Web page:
Crap books and good books (was Re: Best Books of 2004)

Melissa Proffitt Melissa at Proffitt.com
Tue Jan 18 15:05:39 EST 2005


Okay, so I went to my book group last Thursday, and when I came in they were
talking about Kathleen's other group and that they would be reading _The Da
Vinci Code_ for their next meeting.  And a couple of the women REALLY liked
it and I, of course, cannot stand not talking about things.  We were fairly
civil, so nobody died, but what with that and what Roslyn very bravely said,
I have been thinking about a few things for the beginning of the new year.

After I went into gruesome detail about why _The Da Vinci Code_ was my worst
book of the year, Roslyn posted this:

On Mon, 3 Jan 2005 12:59:21 +1100, ROSLYN wrote:

>Er...I really wouldn't say this is the worst book I've read this year, or 
>that is it as bad as people have been saying. I agree with the criticisms 
>made of it, but I enjoyed it just the same--it was good fun (says she, 
>ducking and running!).

And I think it's a brave thing to say that you like something others hate
(and vice versa), so that was good.  But what I was thinking about was what
it means that a book is, in my opinion, "the worst of the year" or even "a
bad book."

See, my opinion as a reader and as a critic is that enjoying a book is
almost always completely separate from whether or not it is a Good book.  We
like books because of who we are, but books are Good based on how well or
poorly they fit certain criteria.  Was the characterization consistent?
Could you picture accurately the people and settings described?  Did the
story progress in a rational manner so you weren't ever confused about who
was talking or what was happening?  And so forth.  Okay, yes, a book that is
really badly written, in "The Eye of Argon" sense, will probably not be
enjoyable.  But when it comes to issues of literary style, a great novel
will not necessarily be a well-loved novel, or even a universally-loved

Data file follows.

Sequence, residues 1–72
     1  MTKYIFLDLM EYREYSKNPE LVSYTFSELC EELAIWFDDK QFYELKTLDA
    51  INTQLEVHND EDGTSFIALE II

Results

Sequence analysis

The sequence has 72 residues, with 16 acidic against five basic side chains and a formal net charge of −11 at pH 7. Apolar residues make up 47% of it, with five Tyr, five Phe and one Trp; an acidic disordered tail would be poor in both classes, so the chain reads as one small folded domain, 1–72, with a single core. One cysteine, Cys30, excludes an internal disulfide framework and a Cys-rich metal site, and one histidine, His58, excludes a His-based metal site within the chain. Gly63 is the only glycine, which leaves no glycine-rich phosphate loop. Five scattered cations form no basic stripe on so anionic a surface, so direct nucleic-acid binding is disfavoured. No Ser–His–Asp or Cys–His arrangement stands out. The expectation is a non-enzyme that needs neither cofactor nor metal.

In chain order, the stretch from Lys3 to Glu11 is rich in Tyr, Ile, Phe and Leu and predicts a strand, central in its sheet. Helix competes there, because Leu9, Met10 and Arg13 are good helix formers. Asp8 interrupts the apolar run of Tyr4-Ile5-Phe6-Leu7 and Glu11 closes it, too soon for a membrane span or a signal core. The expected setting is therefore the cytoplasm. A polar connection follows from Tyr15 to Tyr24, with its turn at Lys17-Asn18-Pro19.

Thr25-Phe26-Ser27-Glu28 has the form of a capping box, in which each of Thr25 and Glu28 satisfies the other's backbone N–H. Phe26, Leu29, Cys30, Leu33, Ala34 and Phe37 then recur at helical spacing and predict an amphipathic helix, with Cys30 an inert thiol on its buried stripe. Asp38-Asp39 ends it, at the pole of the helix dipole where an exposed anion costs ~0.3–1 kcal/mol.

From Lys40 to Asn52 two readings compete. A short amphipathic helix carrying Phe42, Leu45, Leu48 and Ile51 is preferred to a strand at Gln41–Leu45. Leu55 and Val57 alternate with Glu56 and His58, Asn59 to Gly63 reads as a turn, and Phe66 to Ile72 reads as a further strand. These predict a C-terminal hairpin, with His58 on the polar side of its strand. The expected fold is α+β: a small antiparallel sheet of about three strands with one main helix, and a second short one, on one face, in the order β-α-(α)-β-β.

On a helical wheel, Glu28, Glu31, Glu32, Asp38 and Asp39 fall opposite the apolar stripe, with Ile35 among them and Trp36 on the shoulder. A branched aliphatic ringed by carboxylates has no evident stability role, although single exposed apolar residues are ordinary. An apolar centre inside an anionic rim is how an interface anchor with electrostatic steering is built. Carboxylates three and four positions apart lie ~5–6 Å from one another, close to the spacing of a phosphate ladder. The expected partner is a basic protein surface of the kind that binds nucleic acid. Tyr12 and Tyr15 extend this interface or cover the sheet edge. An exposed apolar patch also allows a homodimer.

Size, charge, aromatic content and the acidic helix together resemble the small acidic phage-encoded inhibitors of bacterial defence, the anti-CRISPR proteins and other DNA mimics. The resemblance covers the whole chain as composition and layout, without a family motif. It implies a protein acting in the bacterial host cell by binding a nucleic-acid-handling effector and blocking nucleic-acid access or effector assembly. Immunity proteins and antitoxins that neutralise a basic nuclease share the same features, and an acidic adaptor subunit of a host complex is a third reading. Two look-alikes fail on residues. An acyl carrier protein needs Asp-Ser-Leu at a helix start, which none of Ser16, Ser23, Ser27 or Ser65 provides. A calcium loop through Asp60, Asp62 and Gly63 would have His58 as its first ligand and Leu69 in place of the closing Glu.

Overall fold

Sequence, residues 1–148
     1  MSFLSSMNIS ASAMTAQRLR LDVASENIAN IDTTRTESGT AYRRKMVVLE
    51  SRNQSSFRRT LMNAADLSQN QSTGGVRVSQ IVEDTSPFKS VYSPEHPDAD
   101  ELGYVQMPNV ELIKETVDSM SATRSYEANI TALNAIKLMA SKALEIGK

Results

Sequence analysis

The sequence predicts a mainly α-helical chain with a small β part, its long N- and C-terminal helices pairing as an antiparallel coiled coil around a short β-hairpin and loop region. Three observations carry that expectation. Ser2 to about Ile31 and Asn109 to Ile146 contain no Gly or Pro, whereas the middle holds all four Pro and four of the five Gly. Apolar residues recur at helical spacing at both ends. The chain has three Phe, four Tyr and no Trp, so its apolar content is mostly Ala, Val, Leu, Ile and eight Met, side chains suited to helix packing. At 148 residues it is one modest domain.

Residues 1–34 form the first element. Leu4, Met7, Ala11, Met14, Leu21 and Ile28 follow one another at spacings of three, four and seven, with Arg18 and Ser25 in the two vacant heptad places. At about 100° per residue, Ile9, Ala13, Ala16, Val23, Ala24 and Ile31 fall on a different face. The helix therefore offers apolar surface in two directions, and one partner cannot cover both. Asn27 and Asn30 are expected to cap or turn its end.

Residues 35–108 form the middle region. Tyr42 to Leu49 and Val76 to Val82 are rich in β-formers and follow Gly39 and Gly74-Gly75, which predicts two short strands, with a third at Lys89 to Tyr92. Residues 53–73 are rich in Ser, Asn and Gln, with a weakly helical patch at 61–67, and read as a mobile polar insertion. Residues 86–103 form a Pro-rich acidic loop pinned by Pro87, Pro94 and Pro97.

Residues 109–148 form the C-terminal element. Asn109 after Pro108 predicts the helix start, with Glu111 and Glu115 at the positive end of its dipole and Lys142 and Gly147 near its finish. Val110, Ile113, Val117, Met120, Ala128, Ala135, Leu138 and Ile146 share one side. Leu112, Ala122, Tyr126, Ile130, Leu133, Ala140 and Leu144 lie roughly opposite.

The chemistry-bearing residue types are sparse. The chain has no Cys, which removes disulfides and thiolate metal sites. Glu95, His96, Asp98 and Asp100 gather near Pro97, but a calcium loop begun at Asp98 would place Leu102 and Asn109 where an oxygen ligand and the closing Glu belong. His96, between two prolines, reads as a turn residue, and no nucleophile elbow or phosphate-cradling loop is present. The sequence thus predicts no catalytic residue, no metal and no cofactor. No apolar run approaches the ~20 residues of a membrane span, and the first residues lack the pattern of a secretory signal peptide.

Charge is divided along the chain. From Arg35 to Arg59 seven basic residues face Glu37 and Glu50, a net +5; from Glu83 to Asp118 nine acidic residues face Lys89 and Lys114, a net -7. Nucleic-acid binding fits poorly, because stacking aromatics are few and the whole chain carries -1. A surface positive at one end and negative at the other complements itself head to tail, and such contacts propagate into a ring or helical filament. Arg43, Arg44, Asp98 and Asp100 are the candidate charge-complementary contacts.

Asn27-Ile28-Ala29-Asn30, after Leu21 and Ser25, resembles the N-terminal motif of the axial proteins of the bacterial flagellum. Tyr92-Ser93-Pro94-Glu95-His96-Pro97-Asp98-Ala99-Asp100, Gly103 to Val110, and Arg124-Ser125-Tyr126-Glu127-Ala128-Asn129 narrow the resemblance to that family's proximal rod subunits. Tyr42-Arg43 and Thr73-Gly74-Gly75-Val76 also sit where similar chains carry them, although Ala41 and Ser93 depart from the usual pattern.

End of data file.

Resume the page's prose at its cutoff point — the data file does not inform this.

novel.

When I'm talking about how bad a book is, it has little to do with whether
or not it's enjoyable.  Or whether or not it *should* be enjoyed.  In my
gut, yes, I would prefer that no one ever read that particular book, but I
feel it's irresponsible for me to tell another person who *did* enjoy it
that they shouldn't have.  To do so descends to the level of literary
condescension, and I find that appalling.

The thing is, I don't know how best to separate the two.  I could easily
give a list of Great Books that I detest, starting with _Wuthering Heights_,
and point out that it works both ways--Bad books can be loved, Good books
can be hated.  But it still comes down to the fact that words like "good"
and "bad" have both an objective and a subjective sense.  That apple is good
because it has no blemishes or worm-holes.  That apple is good because it's
so very delicious.  That apple is good because it's unblemished, but bad
because I hate apples.  And so forth.

Of course Ros enjoyed _The Da Vinci Code_.  It's a very good thriller, and
the inclusion of a conspiracy theory that has been well-documented makes it
seem more like real life.  I saw a show based on _Holy Blood, Holy Grail_
that went all over Brittany and France and showed castles and how they were
arranged in a pattern that you could see from the air--it was all very
interesting.  The ideas are interesting.  Yes, it's still a truly crappy
book in one sense, but not in any way that would *ensure* that no reader
could enjoy it, such as unintelligible prose or poorly attributed dialogue.

But this, of course, leads to yet another problem with criticism--sounding